BURLINGTON—Vermont Housing Finance Agency announced its top mortgage loan originators for 2004. Top originators by county are: Michelle Shambo, Chittenden Bank, Addison County; Diana Leazer, The Bank of Bennington, Bennington County; Jeanne Boucher, New England Federal Credit Union, Chittenden County; Alan Fletcher, Banknorth Mortgage Group, Franklin County; Wanda Allaire, Union Bank, Lamoille County; Sue Laferriere, Union Bank Citizens Division, Orleans/Caledonia counties; Cheryl Fisher, Banknorth Mortgage Group, Rutland County; Lee Youngman, Community National Bank, Washington County; Judi Mills, Brattleboro Savings & Loan Association, Windham County; and Tony Bielarksi, Connecticut River Bank, NA, Windsor/Orange counties. "We're grateful to all our participating lenders for helping us provide loans to Vermonters who qualify for our products," said VHFA Executive Director Sarah Carpenter. "Each year, we like to take the opportunity to give special thanks to those originators whose hard work has put them at the head of the class." VHFA has 31 participating lending institutions around the state that help homebuyers qualify for VHFA mortgage loans. VHFA has several home mortgage loan programs, all of which have income and purchase-price limits. A list of participating lenders and information about VHFA's programs and interest rates can be found on the Agency's website: www.vhfa.org. VHFA was created by the Vermont Legislature in 1974 to finance and promote affordable housing opportunities for low- and moderate-income Vermonters. Since its inception, the Agency has helped more than 25,000 Vermont households with affordable mortgages and financed the development of almost 7,000 affordable rental units.

Posted by: admin on October 21, 2004 - 3:44am

BURLINGTON—Sarah Carpenter, Executive Director of Vermont Housing Finance Agency, has been elected to serve on the Board of Directors of the National Council of State Housing Agencies (NCSHA). “I’m really excited about the chance to serve on NCSHA’s board,” Carpenter said. “It’s a great opportunity to help shape the agenda for our national association, and through that, to help influence housing policy nation-wide. Our experience here in Vermont gives me a lot of ideas to bring to the table. Vermont’s housing problems are shared by many other states, and it’s important that we make affordable housing development a priority at the federal level and across the country.” Carpenter’s election was announced at NCSHA’s annual conference in Chicago on Saturday. NCSHA’s 16 directors serve two-year terms. A Burlington native, Carpenter, joined VHFA as Executive Director in 1998. From 1983-1998, she served as the Executive Director of Cathedral Square Corporation. Under Carpenter's direction, Cathedral Square grew to be a nationally recognized leader in combining affordable housing and community services. Prior to her tenure at Cathedral Square, Carpenter held several positions with the Champlain Valley Agency on Aging. Carpenter holds a Masters of Public Administration from Harvard University and a Bachelor of Science in social work from the University of Vermont, graduating cum laude. She has been the recipient of several awards, including the Vermont YWCA Susan B. Anthony Award and the National Organization on Disability Outstanding Contribution Award. — more — Carpenter has served on numerous voluntary boards. These include current appointments to the Committee on Temporary Shelter (COTS), the Converse Home, Fletcher Allen Healthcare and Franklin Homestead Inc.; and previous membership on the national board of the American Association of Homes and Services for the Aging, the Federal Reserve Bank of Boston Community Development Advisory Council, Housing Vermont, and the Vermont Alzheimer’s Association. Carpenter also serves on the Vermont Community Development Board and the Vermont Housing and Conservation Board. NCSHA is a non-profit organization serving as a trade and advocacy group for housing finance agencies nation-wide. More information about NCSHA is available on the Council’s website, www.ncsha.org. VHFA was created by the Vermont Legislature in 1974 to finance and promote the development of affordable housing opportunities for low- and moderate-income Vermonters. Since it’s inception, VHFA has helped almost 25,000 households with affordable mortgages and financed the creation of nearly 7,000 affordable rental units. More information about VHFA and its programs is available on the Agency website, www.vhfa.org.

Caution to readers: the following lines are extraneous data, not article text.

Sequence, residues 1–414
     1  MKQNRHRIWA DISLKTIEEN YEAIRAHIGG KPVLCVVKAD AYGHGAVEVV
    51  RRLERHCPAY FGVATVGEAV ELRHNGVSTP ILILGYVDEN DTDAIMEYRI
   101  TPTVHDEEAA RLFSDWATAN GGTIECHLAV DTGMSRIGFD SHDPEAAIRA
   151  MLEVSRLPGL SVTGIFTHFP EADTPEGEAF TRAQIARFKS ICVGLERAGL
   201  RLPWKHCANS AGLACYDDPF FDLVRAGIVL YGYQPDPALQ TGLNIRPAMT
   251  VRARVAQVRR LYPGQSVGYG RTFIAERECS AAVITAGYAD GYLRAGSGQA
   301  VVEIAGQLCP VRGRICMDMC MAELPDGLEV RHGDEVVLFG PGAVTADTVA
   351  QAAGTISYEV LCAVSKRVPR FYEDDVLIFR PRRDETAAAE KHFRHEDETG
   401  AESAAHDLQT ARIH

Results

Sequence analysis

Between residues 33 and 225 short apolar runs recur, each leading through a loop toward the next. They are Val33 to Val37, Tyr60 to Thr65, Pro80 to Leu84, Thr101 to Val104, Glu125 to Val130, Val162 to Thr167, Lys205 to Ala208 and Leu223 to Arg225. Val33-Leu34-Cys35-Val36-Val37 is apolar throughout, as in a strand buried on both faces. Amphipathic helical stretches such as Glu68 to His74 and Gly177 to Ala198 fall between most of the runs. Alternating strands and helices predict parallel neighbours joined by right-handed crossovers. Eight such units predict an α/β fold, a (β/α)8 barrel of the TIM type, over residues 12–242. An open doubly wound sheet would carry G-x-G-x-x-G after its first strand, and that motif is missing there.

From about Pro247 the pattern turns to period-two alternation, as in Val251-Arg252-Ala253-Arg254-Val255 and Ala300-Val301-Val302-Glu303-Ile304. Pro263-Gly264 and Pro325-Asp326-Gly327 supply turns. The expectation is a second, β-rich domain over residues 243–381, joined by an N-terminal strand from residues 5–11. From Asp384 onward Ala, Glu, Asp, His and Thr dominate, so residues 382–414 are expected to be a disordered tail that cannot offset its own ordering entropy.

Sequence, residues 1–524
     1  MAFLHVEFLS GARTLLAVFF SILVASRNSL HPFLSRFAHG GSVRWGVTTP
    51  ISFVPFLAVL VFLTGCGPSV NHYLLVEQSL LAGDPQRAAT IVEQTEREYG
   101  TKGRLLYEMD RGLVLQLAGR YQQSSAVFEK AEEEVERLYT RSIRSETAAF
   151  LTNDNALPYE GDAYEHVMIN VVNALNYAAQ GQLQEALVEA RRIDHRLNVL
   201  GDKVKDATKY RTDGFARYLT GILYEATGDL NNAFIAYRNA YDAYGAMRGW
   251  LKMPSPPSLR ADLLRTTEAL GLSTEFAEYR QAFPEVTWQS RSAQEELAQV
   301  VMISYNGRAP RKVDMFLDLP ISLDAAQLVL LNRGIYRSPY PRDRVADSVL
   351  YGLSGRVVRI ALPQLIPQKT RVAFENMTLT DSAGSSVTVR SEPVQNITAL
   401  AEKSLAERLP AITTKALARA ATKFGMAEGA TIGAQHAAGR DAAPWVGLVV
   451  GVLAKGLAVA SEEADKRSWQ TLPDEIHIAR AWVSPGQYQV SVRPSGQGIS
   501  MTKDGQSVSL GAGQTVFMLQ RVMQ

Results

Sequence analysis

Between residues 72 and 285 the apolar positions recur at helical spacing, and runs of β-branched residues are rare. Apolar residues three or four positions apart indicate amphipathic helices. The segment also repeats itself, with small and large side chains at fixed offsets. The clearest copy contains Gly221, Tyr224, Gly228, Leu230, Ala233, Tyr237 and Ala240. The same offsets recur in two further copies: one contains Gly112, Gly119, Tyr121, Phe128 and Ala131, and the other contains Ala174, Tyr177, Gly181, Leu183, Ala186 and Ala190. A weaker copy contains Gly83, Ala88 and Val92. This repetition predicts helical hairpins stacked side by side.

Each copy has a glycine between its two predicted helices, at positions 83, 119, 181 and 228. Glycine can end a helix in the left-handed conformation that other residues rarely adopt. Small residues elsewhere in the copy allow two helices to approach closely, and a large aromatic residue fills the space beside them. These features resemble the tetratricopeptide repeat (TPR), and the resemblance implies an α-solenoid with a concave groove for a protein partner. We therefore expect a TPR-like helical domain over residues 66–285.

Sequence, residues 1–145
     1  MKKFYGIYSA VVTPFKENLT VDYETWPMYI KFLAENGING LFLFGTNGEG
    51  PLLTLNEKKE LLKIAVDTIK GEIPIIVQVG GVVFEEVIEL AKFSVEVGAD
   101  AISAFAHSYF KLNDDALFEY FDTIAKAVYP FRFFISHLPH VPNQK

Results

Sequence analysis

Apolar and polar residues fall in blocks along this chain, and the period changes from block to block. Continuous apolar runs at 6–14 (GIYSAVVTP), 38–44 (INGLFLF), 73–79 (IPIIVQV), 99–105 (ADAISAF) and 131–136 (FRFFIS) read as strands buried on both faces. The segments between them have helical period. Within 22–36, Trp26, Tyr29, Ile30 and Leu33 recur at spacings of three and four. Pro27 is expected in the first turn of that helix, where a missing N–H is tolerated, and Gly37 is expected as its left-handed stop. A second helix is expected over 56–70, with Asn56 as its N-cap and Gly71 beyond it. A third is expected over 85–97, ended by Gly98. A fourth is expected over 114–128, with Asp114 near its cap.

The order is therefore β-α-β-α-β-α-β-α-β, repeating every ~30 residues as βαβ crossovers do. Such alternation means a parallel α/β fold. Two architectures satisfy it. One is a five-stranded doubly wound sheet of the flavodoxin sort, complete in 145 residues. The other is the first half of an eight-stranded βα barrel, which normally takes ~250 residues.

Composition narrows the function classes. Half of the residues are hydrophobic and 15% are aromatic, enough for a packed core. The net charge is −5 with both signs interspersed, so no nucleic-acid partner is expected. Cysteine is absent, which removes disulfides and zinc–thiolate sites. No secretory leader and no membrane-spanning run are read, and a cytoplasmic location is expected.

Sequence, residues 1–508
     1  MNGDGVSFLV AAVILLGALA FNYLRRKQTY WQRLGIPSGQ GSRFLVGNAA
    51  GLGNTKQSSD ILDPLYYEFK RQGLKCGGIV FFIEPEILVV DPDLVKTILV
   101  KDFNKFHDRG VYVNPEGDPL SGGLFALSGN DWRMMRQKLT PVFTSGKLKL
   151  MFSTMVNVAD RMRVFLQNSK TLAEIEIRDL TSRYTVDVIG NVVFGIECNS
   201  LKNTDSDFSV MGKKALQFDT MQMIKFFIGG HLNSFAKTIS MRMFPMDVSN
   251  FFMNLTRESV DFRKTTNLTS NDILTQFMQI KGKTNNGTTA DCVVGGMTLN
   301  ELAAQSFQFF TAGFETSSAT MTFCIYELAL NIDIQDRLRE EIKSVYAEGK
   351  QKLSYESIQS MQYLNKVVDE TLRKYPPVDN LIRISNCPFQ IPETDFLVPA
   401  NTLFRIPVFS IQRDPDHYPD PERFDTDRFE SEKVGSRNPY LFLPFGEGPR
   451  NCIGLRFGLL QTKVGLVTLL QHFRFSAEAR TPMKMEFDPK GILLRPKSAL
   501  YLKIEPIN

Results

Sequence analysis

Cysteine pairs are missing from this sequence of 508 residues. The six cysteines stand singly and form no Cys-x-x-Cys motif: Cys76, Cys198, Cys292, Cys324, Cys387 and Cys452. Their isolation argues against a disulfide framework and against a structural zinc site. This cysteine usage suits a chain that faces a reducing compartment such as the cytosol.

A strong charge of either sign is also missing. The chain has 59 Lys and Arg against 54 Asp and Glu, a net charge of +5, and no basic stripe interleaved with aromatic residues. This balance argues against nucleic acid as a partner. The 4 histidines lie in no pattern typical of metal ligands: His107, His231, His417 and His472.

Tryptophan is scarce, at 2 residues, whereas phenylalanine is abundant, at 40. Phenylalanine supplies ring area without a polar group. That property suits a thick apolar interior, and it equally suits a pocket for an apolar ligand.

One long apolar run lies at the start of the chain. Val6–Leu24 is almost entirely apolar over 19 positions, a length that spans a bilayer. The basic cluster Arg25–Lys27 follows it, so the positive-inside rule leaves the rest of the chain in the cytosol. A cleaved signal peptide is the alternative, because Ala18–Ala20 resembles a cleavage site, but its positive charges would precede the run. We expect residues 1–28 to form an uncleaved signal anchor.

Posted by: admin on September 28, 2004 - 10:48am

BURLINGTON, VT  Vermont Housing Finance Agency (VHFA) Executive Director Sarah Carpenter announced today the hiring of Brandiann Russin as Outreach Coordinator. Russin is the primary outreach and marketing representative for VHFA’s Homeownership Department. She promotes VHFA’s homeownership programs in Vermont through training and marketing with mortgage lenders, real estate professionals, homebuilder organizations, non-profit organizations and consumers. Before joining VHFA, Russin worked in accounts payable as an Office Assistant at MorrisSwitzer Environments for Health in Williston. Before that she was Mortgage Processor/Team Leader at Homebound Mortgage Inc. in Colchester, and a Financial Assistant in the Trust Department of Banknorth Investment Management Group Inc. in Burlington. Russin holds an Associates of Science earned in 2001 at the New England School of Communications in Bangor, Maine. VHFA is celebrating its 30th anniversary in 2004. It recently passed the $2 billion bonding mark in August. The Vermont Legislature established VHFA on April 11, 1974, to finance and promote affordable housing opportunities for low- and moderate-income Vermonters. Since its inception, the Agency has helped almost 25,000 households with affordable mortgages and nearly 7,000 families into affordable rental units.